I remember hearing my Uncle Creston argue at family reunions with my other uncles about how Studebaker was the maker of the best automobiles on the road… funny how some words stick with you, so the first thing that popped into my head when I saw the Studebaker logo shining on the passenger door was an image of Uncle Creston.  I’ll bet he would have loved this one!

Pie Fixes Everything

sketch of pie and box

“Pie Fixes Everything”, mixed media by Kerry McFall

Oh, the Restraint!  I have still – after three hours – not eaten my Farmer’s Market prize yet… but after staring at it for all that time as I painted, I can tell you that my resolve is weakening.

The “RD” in the crust stands for Razzle Dazzle flavor, which is raspberries, blueberries, and Marionberries.  Our local pie maker’s booth features the “Pie Fixes Everything” logo and stacks of brown boxes filled with pies that rival even my Mother’s (it’s okay, she doesn’t do Internet!).  I wholeheartedly agree that a pie can fix everything, although I think that biscuits may actually provide a better fix because you can put butter on them, but that’s just me.

It’s been a glorious summer beginning today: a sunny walk to the market, breakfast with SueAnn, some on-site sketching, great people watching, fun painting, shared a turkey sandwich for lunch with my cat, and now PIE!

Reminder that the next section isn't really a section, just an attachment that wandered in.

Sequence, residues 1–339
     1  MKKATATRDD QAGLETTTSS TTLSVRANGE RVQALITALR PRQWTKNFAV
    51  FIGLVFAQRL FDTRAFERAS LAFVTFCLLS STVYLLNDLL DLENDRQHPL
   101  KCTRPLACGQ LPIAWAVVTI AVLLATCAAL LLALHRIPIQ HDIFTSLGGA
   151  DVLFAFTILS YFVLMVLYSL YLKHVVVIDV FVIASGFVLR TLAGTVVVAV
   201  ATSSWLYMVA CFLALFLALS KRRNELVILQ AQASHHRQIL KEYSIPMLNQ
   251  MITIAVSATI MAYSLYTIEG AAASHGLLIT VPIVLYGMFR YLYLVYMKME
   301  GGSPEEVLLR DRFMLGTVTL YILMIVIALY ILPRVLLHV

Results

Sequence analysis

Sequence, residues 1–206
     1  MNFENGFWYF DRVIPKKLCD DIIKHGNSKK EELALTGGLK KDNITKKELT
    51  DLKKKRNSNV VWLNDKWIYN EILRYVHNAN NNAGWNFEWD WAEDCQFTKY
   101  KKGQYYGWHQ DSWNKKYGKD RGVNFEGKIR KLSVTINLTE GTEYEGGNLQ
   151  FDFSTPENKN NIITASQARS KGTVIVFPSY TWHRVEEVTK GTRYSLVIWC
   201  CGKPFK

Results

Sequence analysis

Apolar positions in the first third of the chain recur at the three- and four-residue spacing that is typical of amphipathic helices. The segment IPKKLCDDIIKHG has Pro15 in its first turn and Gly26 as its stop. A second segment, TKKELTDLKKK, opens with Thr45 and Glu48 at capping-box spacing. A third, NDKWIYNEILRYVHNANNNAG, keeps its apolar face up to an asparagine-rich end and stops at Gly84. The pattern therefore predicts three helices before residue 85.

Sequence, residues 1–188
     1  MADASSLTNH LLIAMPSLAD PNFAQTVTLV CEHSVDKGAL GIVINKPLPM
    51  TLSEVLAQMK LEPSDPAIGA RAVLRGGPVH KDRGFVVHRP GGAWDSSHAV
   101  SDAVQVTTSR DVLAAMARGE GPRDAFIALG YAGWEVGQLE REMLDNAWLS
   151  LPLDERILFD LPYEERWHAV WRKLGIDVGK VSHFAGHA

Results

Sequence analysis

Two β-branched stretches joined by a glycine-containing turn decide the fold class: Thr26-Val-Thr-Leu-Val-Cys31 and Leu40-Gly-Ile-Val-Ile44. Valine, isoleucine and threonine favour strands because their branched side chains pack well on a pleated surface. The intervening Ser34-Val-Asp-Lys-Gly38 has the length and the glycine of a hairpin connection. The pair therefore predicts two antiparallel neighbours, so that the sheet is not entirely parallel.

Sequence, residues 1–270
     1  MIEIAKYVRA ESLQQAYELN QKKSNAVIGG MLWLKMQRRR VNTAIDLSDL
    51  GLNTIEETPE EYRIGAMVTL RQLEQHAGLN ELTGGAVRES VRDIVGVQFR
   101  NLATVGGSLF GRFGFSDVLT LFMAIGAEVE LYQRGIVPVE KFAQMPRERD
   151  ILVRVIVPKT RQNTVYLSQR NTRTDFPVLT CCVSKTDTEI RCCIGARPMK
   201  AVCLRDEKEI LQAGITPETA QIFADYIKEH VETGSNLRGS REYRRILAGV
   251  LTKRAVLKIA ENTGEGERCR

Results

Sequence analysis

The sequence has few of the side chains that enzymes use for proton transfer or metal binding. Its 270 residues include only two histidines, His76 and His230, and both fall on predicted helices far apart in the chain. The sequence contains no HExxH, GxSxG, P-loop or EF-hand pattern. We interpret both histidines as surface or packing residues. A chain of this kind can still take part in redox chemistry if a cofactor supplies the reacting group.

Organic Dandelions… Really

sketch of baskets of vegetables

“Organic Dandelions”, mixed media by Kerry McFall

At the Corvallis Farmer’s Market a couple of Saturdays ago, I snapped a few photos in the Gathering Together Farm booth.  Their veggie basket displays are visual feasts, but it’s difficult to sketch “live” because hungry people have shopping to get done.  I didn’t realize until I got home and began sketching that the main “veggie” in the center of this display was your common ordinary run-of-the-mill dandelion leaves!  Who knew that you can get $3.00 per bundle for a handful of “weeds”?!

But I’m not that much of a dingbat.  I have read that dandelions are one of the healthiest, most vitamin-packed greens.  Ironic that we spend so much time and money and herbicides trying to eliminate them.  Refreshing to see them being recognized for their potential!

This painting/sketch uses my evolving technique of mixing china marker with watercolors and colored pencil.  The challenge is that the waxy china marker not only resists watercolor, it also resists my final phase, which is ink.  It’s wrecking all of my best pens!  The wax eventually builds up on the tip of the pen and it’s almost impossible to get off.  Looks like I need to come up with a “work around”…

Small Town, U.S.A.

market sketch

“Corvallis Farmer’s Market”, mixed media by Kerry McFall

From the lovely little white courthouse to the old telephone poles lining the clean (!) brick alleys, Corvallis is the penultimate “small town”.  Saturday mornings in summer find about half the populace (and their dogs) strolling through the farmer’s market down by the river on First Street.  It is a mouthwatering collection of homemade pies and local cheeses and fresh eggs, and potato bread so soft you can’t even slice it.  It is a visual candy dish of glistening strawberries and rotund radishes and potted tomato vines that already have blossoms.  And every half block you can hear a different band or singer or fiddler, some terrific, some off key, but all enthusiastic and filled with the joy of just bein’ alive and kickin’.